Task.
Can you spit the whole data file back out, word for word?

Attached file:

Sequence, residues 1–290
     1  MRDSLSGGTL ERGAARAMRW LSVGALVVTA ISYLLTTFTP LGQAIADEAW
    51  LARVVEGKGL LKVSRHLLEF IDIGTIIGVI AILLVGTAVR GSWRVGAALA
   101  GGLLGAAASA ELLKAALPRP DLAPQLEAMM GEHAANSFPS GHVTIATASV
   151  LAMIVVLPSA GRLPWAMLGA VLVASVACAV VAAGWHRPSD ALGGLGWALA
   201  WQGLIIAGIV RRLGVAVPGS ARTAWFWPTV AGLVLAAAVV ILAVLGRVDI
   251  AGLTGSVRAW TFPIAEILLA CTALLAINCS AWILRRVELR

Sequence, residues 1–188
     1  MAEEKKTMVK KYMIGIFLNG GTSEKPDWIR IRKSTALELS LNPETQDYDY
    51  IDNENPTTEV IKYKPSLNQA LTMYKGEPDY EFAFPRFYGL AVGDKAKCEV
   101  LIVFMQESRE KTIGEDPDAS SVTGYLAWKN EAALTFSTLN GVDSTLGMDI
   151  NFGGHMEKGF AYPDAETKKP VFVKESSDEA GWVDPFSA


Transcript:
Sequence, residues 1–290
     1  MRDSLSGGTL ERGAARAMRW LSVGALVVTA ISYLLTTFTP LGQAIADEAW
    51  LARVVEGKGL LKVSRHLLEF IDIGTIIGVI AILLVGTAVR GSWRVGAALA
   101  GGLLGAAASA ELLKAALPRP DLAPQLEAMM GEHAANSFPS GHVTIATASV
   151  LAMIVVLPSA GRLPWAMLGA VLVASVACAV VAAGWHRPSD ALGGLGWALA
   201  WQGLIIAGIV RRLGVAVPGS ARTAWFWPTV AGLVLAAAVV ILAVLGRVDI
   251  AGLTGSVRAW TFPIAEILLA CTALLAINCS AWILRRVELR

Sequence, residues 1–188
     1  MAEEKKTMVK KYMIGIFLNG GTSEKPDWIR IRKSTALELS LNPETQDYDY
    51  IDNENPTTEV IKYKPSLNQA LTMYKGEPDY EFAFPRFYGL AVGDKAKCEV
   101  LIVFMQESRE KTIGEDPDAS SVTGYLAWKN EAALTFSTLN GVDSTLGMDI
   151  NFGGHMEKGF AYPDAETKKP VFVKESSDEA GWVDPFSA